Who is the Greatest? In verse 30, Mark tells us that Jesus and his followers are stealthfully moving through Galilee because they did not want to be detected.  On the way, Jesus again tells them that he must suffer and die and rise again from the dead. Even after this subsequent warning about what the future holds, the disciples are dumbfounded, but they are too scared to ask what exactly Jesus means.

What they do hear loud and clear is that Jesus is going to die. And in those days, a follower of a teacher like Jesus would have assumed the role of teacher upon the teacher’s death. A legitimate question is, “Who will take Jesus’ place and lead the movement once he is gone?” Only the student that shows the most amount of intellect and promise can be chosen to be the leader. Which one of the disciples is the greatest?

Once they’ve reached Capernaum, Jesus questions his friends about what they were arguing along the way. The disciples are silent like recalcitrant teenagers who know they’re in the wrong but won’t confess to it. Mark tells us they were arguing about who would be the greatest. Jesus knows, though, and simply begins to tell them what leadership in the Kingdom of God looks like. “Whoever wants to be first must be last of all and servant of all.” In other words, you must be like Jesus, who though he is God, left the comfort of heaven to become one of us, lowly humans, being so obedient to the steadfast love that is his nature, that he suffered and died in the greatest act of service the world has ever known.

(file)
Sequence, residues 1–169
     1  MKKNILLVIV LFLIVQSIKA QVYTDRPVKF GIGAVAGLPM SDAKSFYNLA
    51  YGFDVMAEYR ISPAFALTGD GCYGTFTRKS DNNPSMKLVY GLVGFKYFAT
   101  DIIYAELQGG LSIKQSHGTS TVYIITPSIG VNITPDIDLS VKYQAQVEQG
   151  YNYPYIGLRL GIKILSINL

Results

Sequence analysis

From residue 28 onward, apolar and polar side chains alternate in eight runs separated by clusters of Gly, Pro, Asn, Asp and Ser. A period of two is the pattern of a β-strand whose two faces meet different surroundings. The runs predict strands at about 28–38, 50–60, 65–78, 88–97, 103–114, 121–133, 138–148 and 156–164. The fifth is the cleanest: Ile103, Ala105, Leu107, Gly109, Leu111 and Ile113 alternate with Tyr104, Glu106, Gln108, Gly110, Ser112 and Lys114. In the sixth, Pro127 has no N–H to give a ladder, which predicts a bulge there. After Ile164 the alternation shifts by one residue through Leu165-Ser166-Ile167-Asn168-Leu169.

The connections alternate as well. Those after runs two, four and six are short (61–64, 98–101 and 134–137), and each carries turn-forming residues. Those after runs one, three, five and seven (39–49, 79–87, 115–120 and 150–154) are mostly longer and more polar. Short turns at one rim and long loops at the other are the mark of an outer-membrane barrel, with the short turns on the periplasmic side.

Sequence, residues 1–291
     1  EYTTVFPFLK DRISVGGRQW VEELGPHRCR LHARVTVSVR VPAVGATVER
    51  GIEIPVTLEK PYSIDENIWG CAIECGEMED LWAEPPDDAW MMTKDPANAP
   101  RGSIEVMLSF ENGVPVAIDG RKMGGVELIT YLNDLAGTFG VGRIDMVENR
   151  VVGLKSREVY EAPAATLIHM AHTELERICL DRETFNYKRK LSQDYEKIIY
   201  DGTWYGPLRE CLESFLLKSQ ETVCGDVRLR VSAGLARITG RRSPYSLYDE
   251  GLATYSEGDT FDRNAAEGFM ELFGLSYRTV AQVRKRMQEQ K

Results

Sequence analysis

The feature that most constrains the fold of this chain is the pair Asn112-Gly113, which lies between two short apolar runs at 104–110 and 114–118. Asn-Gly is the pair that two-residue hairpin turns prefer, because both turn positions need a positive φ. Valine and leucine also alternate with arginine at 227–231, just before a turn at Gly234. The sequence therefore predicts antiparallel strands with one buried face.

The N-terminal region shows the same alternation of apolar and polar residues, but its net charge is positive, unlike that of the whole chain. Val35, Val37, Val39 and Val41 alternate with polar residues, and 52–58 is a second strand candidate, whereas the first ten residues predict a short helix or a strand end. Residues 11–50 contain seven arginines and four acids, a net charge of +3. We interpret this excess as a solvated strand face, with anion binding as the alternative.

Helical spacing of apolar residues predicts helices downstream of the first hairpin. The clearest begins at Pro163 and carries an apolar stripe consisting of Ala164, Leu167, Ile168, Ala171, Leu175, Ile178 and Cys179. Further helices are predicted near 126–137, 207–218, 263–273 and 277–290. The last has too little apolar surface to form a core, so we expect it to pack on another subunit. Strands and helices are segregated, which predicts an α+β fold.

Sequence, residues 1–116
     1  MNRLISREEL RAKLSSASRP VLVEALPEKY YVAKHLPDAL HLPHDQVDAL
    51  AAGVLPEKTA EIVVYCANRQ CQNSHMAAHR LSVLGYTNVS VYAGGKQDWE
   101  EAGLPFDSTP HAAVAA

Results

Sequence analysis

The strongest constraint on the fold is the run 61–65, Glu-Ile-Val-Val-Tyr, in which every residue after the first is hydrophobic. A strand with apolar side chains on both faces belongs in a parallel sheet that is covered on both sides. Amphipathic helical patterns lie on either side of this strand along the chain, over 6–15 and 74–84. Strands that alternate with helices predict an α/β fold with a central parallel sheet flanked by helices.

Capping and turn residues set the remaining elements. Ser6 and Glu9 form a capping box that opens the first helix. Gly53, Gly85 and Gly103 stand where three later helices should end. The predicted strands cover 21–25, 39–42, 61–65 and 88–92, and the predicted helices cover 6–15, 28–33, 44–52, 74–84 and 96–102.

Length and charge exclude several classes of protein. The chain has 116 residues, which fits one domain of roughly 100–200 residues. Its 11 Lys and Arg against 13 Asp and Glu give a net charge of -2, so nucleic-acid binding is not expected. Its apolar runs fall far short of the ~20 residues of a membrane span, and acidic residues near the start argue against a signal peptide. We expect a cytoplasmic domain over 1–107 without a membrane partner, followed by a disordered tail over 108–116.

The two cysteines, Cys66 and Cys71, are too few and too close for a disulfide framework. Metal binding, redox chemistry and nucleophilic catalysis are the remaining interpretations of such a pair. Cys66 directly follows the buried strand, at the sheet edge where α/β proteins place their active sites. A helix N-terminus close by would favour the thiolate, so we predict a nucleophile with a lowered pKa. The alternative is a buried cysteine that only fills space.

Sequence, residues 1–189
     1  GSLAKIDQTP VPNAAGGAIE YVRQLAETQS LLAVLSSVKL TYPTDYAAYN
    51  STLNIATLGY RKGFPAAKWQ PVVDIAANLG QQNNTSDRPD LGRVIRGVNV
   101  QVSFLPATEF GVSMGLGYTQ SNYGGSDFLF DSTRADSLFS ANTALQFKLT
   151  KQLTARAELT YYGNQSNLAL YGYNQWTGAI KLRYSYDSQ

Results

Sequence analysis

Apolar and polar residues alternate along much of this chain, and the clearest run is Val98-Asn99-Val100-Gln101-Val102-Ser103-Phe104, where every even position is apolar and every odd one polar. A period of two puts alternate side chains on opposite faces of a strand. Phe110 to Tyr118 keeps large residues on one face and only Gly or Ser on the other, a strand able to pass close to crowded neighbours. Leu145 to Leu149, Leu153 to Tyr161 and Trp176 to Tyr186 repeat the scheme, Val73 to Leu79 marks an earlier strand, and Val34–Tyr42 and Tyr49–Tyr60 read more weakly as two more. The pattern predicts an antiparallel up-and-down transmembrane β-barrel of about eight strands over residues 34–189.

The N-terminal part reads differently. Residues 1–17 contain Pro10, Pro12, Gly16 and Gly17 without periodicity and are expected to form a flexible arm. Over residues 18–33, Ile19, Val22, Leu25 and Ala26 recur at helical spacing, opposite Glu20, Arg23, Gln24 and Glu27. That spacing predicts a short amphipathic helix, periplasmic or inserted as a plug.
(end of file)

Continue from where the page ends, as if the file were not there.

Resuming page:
Knowing that mere words would not be enough, Jesus enacts a parable, taking a child and putting it in their midst, going so far as to take it up into his arms. This act isn’t a very profound act to you and me, but for Jesus and the disciples, it would have been. Children were, quite literally, the least of these. They had no standing in society. They had no rights. He’s not pointing to their innocence, and he’s not counseling us to become like children.

With this lowly child who could do nothing for anyone in his arms, Jesus speaks again, “Whoever welcomes such a child in my name welcomes me, and whoever welcomes me welcomes not me but the one who sent me.”

To do something in someone’s name is to do something as an anointed representative of that person. When we do something in someone else’s name, we do so not on our authority or our power, but on the authority and power of the person whose name we represent. That takes us back to the exorcism story. The disciples tried to cast the boy’s demon out on their own merits and authority, not Jesus’. Here, however, we are charged with lowering ourselves in service to those who cannot serve us back.

So What? The culture around us is fully convinced that leadership in the Kingdom of God is about being first. Often, getting to be first in charge takes using others for your own purposes or only serving those who can benefit you somehow.  Sadly, over the years, the church has sought to operate this way.

As much as we might not like it, if we want to be great in the Kingdom of God, we must serve the least of all, offering what we have to those who cannot pay us back or do anything in return for us. This is the true nature of the Kingdom of God.